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1619 __ « Harmonices Mundi »
Johannes Kepler (1571-1630)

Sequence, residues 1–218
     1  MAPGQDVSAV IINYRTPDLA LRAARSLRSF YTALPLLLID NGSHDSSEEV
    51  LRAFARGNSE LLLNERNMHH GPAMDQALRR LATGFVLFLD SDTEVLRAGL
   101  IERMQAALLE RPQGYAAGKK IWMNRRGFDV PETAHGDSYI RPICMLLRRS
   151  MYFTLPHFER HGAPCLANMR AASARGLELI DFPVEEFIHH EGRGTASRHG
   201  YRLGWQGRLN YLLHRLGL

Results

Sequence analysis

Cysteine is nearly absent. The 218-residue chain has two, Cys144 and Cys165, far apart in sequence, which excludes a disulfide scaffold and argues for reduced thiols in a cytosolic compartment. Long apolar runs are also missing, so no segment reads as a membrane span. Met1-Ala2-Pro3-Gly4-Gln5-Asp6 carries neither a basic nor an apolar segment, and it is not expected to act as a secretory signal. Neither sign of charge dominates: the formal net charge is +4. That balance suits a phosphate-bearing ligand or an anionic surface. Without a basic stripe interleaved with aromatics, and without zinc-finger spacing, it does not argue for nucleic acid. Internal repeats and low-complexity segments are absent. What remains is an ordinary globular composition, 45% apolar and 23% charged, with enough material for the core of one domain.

Comment : Musica universalis (lit. universal music, or music of the spheres) is an ancient philosophical concept that regards proportions in the movements of celestial bodies.the Sun, Moon, and planets.as a form of musica (the Medieval Latin name for music). This 'music' is not literally audible, but a harmonic and/or mathematical and/or religious concept. « Harmonices Mundi » (The Harmony of the Worlds, 1619) is a book by Johannes Kepler. In the work Kepler discusses harmony and congruence in geometrical forms and physical phenomena. The final section of the work relates his discovery of the so-called "Third Law" of planetary motion. Kepler divides « The Harmony of the World » into five long chapters: the first is on regular polygons; the second is on the congruence of figures; the third is on the origin of harmonic proportions in music; the fourth is on harmonic configurations in astrology; and the fifth on the harmony of the motions of the planets. While medieval philosophers spoke metaphorically of the "music of the spheres," Kepler discovered physical harmonies in planetary motion. He found that the difference between the maximum and minimum angular speeds of a planet in its orbit approximates a harmonic proportion. For instance, the maximum angular speed of the Earth as measured from the Sun varies by a semitone (a ratio of 16:15), from mi to fa, between aphelion and perihelion. Venus only varies by a tiny 25:24 interval (called a diesis in musical terms). Kepler explains the reason for the Earth's small harmonic range: “The Earth sings Mi, Fa, Mi: you may infer even from the syllables that in this our home misery and famine hold sway.” At very rare intervals all of the planets would sing together in 'perfect concord': Kepler proposed that this may have happened only once in history, perhaps at the time of creation. Kepler also discovers that all but one of the ratios of the maximum and minimum speeds of planets on neighboring orbits approximate musical harmonies within a margin of error of less than a diesis (a 25:24 interval). The orbits of Mars and Jupiter produce the one exception to this rule, creating the unharmonic ratio of 18:19. In fact, the cause of Kepler's dissonance might be explained by the fact that the asteroid belt separates those two planetary orbits, as discovered in 1801, 150 years after Kepler's death. (Compiled from various sources)